Saturday, January 28, 2012

The View from the mountiantop.

Here in Haiti beautiful hikes to the top of mountains with breath taking views of the sea are abundant. Before coming here, this was not my image of Haiti but it is the truth. Here you see me with my sister, Beth and friend, Maxa after a hike up to the Citadel in northern Haiti.

Behind the clinic, we can walk to the top of a small mountain through small farms and look out at the sea. Someone has built a small outdoor church there.

There is gentle mixture of mountain, river, sea and farm. In the traditional villages, the houses blend into this environment without disturbance or impact. This is the Haiti I have come to know and love.

A conversation about race

A conversation about race
The birth center is a busy place these days, filled with many visitors from North America. Gone are my early days here when I delivered baby after baby by myself with few resources, electricity or people. My work has evolved from being a midwife to developing standards to trying to work with an ever-changing pool of volunteer and student midwives.
There is food to prepare, protocols to share, customs to reinforce, language lessons to give all side by side with births, sick babies and emergencies.
Here at MBH, lunch is the main meal of the day. It is served after a busy clinic schedule and many of the Haitien staff that works in the mornings, stay for this meal. It is traditional Haitien food and is most often composed of a grain and beans with a sauce that is cooked on the charcoal stove. It is a difficult meal to prepare, as it requires much chopping, grinding, mashing and cooking. Sometimes the sauce may have a little chicken or fish but more often than not it has local greens and spices.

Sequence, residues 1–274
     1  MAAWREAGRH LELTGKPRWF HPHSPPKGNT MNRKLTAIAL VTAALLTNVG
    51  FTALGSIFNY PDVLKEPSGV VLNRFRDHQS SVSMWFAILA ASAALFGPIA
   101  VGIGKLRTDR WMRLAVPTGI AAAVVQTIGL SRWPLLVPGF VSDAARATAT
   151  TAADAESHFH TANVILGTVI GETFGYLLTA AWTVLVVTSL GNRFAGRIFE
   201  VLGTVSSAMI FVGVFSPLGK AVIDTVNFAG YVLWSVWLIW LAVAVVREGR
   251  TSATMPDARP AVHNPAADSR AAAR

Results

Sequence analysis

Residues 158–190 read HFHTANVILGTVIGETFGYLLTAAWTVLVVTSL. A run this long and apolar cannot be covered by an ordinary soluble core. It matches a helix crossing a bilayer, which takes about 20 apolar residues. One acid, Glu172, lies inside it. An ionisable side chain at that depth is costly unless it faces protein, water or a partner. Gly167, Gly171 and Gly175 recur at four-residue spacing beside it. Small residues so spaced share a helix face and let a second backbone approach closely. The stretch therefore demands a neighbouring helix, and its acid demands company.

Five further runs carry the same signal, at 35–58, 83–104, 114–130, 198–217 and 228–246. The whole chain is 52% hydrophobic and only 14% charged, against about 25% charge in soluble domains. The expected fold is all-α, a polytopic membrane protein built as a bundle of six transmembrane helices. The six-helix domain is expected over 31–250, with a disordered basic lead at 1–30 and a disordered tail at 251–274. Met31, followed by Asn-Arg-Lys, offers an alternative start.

Each of us come to lunch after we have finished seeing our last mom or baby; carrying with us the stories we have heard and the problems we have tried to solve. Lunch has also been a time for celebrations, good-byes, prayers and songs. There is one long, wooden table with two benches and many scattered chairs.
Lately I have noticed that the Haitien staff is sitting at the table talking and eating with perfect manners while many of the volunteers scatter with lap tops to eat or talk with another volunteer. The room is divided in half. The darker skinned at the table together with a few white volunteers and then the rest on the sofa with each other or their laptops.
When I first began to notice this, I wanted to believe it was my imagination or a coincidence. I wanted to say the table was too crowded but then I had to accept that the room had become more and more segregated. I noticed that even when there was plenty of room at the table with the Haitien staff, most volunteers chose another seat. Was it the eating habits of America or was it the tug of discomfort when we are with people who are different than us? Why were two groups of people who had just worked together in the clinic, choosing to eat apart?
The Haitien staff enjoys their meal. They eat slowly and with appreciation. They talk quietly and laugh and love the traditional tastes and pleasures of a well-cooked meal.
Many of us are familiar with the ‘slow food movement.” Many of us also pride ourselves in our love of local, seasonal, organic foods. All these things are abundant in Haiti. Our food is always local, seasonal and organic and we have an opportunity to eat slowly and enjoy our noon meal.
I recalled the title of a book I once read called, Why Are All The Black Kids Sitting Together in the Cafeteria? I remember being shocked at the title and feeling defensive. I did not want to believe this was true and so I had not seen what was right before my very eyes. I wanted to believe that my ESL students were all eating together because they were all learning English but then I had to see that it was not just ESL students but kids of color all grouped together regardless of ethnic background or language. There were, of course, kids who navigated comfortably amongst groups but when I was honest with myself I had to admit that the title of the book was asking me to take a hard look at race and I was uncomfortable with what I saw.
I cannot be in Haiti without being constantly aware of race.